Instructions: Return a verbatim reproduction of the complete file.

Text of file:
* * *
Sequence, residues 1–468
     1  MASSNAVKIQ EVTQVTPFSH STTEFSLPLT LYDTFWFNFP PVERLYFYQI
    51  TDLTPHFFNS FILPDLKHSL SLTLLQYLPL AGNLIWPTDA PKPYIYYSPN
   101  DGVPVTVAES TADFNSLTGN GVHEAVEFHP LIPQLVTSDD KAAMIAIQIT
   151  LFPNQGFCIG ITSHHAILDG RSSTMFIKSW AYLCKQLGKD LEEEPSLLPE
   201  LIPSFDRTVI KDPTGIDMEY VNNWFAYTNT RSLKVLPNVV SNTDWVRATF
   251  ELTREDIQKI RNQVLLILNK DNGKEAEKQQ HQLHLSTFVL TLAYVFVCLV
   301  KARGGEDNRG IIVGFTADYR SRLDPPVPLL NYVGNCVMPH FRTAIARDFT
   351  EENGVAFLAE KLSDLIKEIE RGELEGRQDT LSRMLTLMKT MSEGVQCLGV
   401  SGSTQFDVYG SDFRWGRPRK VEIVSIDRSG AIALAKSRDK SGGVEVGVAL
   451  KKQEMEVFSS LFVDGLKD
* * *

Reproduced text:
Sequence, residues 1–468
     1  MASSNAVKIQ EVTQVTPFSH STTEFSLPLT LYDTFWFNFP PVERLYFYQI
    51  TDLTPHFFNS FILPDLKHSL SLTLLQYLPL AGNLIWPTDA PKPYIYYSPN
   101  DGVPVTVAES TADFNSLTGN GVHEAVEFHP LIPQLVTSDD KAAMIAIQIT
   151  LFPNQGFCIG ITSHHAILDG RSSTMFIKSW AYLCKQLGKD LEEEPSLLPE
   201  LIPSFDRTVI KDPTGIDMEY VNNWFAYTNT RSLKVLPNVV SNTDWVRATF
   251  ELTREDIQKI RNQVLLILNK DNGKEAEKQQ HQLHLSTFVL TLAYVFVCLV
   301  KARGGEDNRG IIVGFTADYR SRLDPPVPLL NYVGNCVMPH FRTAIARDFT
   351  EENGVAFLAE KLSDLIKEIE RGELEGRQDT LSRMLTLMKT MSEGVQCLGV
   401  SGSTQFDVYG SDFRWGRPRK VEIVSIDRSG AIALAKSRDK SGGVEVGVAL
   451  KKQEMEVFSS LFVDGLKD